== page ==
P.S. Don’t let clients bully YOU. Had it happen once, and I immediately “fired” the client. An Engineering Director, he bullied his employees. It was embarrassing to watch. When he tried the same with me, I simply told him to find a new consultant. I think he was a bit shocked, but it was not worth the fee to put up with the guy.

Copyright © 2015, jumptoconsulting.com. All rights reserved.

Five things I’m thankful for…

Thanksgiving is over, and we’re into the leftovers. But there are still plenty of reasons to be thankful. Upon reflection, here are five things for which I am most grateful.

(1) My Family – Two sons, two daughters-in-law, and six extraordinary grandchildren. And of course Mary (my wife), the matriarch of our little clan — without whom the consulting business might never have happened.

Thanks to all of you for all the joy you bring this old geezer!

(2) My Health – Given my age, in pretty good health. But it doesn’t come for free. Still need to pay attention, exercise, and watch what I eat.

Thanks to my doctors, and all the medical professionals (consultants) who work so hard to keep us all healthy.

(3) My Prosperity – Fiscal health is pretty good too. Starting and running a consulting practice helped, along with living within our means and stashing a bunch away for the golden years. All of the sudden, those years are now here.

Thanks to my financial advisers (consultants) for keeping us fiscally healthy too.

(4) My Education – Without a college education, this former small town kid would not have become an engineer, and later a consulting engineer.

Thanks to past teachers (special consultants), and thanks to the good people of Nebraska who have funded their state university for almost 150 years. Go Huskers…

(5) My Country – Through blind dumb luck, I ended up being born into the land of opportunity. Certainly did nothing to deserve it. Born with no silver spoon in my mouth, I took advantage of many of those opportunities. It was not always easy, but looking back on my career, it was worth it.

Thanks to all of those along the way who gave me opportunities, and extended a helping hand when needed.

And special thanks to those who work so hard to protect us (your service is much appreciated), and to those who work so hard to make sure our system works fairly for EVERYONE (not just the big and the rich…)

Hope you had a Happy Thanksgiving!

P.S. Now making a household move, so life is getting a bit complicated.  However, haven’t forgotten about the JumpToConsulting project. More to come…

Copyright © 2015, jumptoconsulting.com. All rights reserved.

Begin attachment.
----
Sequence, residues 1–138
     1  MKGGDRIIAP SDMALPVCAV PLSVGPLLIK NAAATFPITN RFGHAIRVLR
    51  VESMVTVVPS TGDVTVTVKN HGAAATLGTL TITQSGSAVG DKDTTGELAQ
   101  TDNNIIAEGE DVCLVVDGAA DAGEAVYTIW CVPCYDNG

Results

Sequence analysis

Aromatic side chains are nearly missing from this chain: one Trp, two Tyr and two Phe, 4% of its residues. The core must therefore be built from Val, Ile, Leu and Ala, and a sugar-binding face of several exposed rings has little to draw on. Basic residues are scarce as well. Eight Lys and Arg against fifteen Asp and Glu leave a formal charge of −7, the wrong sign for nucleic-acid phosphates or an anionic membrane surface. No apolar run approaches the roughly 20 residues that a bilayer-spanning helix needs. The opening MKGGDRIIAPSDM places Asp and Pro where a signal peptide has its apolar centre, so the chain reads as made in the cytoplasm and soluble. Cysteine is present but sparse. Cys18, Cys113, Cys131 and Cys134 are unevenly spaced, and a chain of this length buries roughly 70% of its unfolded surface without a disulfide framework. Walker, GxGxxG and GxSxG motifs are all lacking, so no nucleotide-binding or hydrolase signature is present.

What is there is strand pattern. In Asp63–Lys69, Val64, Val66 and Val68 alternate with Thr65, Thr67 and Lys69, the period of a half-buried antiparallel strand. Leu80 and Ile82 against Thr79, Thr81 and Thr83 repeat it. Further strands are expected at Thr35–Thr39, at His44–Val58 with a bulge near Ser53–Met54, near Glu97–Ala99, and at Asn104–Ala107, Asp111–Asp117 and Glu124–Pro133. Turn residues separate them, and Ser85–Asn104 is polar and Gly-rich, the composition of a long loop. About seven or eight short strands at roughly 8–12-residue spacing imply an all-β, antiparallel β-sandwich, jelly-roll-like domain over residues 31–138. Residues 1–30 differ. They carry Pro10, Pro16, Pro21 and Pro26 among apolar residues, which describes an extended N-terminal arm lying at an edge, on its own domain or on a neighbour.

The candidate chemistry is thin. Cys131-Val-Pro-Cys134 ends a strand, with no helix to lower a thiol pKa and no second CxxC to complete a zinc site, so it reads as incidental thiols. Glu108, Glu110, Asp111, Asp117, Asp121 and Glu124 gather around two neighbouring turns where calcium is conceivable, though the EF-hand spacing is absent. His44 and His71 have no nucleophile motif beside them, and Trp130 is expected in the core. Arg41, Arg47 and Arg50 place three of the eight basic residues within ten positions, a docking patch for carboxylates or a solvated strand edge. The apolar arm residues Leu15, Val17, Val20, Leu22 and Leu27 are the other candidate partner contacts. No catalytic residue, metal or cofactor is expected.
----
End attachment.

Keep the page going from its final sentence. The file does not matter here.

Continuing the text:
Happy Halloween…

No moral or message – just an update for the last day of October.

Got back last night from a three week RV trip. MN (where there are grankids) to AZ (where there is no snow) via CT (where there are more grankids.) The trip included drives through the Shenandoah Parkway, the Blue Ridge Parkway, and the Natchez Trace. The fall foliage was beautiful!

A major advantage of independent consulting is that you control your schedule. If you want to take some time off, you don’t need to ask your boss. After all, YOU are the boss.

Of course, the downside is that when you are not working, you are not billing. But there is more to life than merely making money. Real wealth is discretionary time –  and for the past several weeks I spent my discretionary time simply having a lot of fun.

But all play and no work is not good either. So after taking some time off,  it is now back into the saddle with more stuff to follow at JumpToConsulting. Stay tuned…

Copyright © 2015, jumptoconsulting.com. All rights reserved.

What Next???

If you’ve been following my blog, you’ve noticed a lack of posts this summer. Don’t worry — not quitting — just needed some time to regroup.

A key catalyst was two recent funerals. Not to sound morbid, but these events have a way of causing one to reflect on where one has been, and where one wants to go next. They are also not so subtle reminders that time is limited, and life needs to be lived now!

The first funeral was an old college friend, and the second was a relative. Both wonderful people who left us way too soon. Sadly, both had delayed retirement plans until is was too late. Thus, the cause for reflection.

So what next? Here are some plans – subject to change, of course.

– Keep blogging at JumpToConsulting. I have at least another 100 ideas for posts, including a  series on selling consulting services, patterned after the recent series on generating leads.

– Wind down the engineering consulting practice.
This has been happening anyway — if you don’t continually market, that is the result.

But that’s OK. I plan to stay involved with the training side of the business, which I really enjoy. (My business partner remains active with both the consulting and the training.)

– Develop the on-line classes I’ve been promising, along with the book. Focused on how to start/build/maintain a small professional consulting practice, just as I did 30+ years ago.

Aimed at those who are highly interested in consulting as a possible business/lifestyle, with an emphasis on geeks & geezers (technical professionals and/or boomers over 40) – my own personal demographics.

– Increase leisure travel. Two years ago we bought a small RV, which has been great fun. The plan is for more RV fun – both short trips and some extended trips. Who knows? Maybe I’ll even start a travel blog.

– Simply enjoy retirement. Yes, I finally admit I’m retired – or at least 90% retired (hard to shut down 100% when you started the business.) But JumpToConsulting remains a primary retirement project, so it is not going away. See On Becoming and OLD Warrior.

So thank you to my readers! It is a small group in a pretty tight niche, but it has been fun to interact with so many of you.

Finally, please write or comment if you have specific question about the wacky world of consulting!

P.S. – After 30 years, we just got a pooch again. Several years old, she came from a pet rescue. What a sweetheart, and a definite enhancement to our lives and to our retirement.

Copyright © 2015, jumptoconsulting.com. All rights reserved.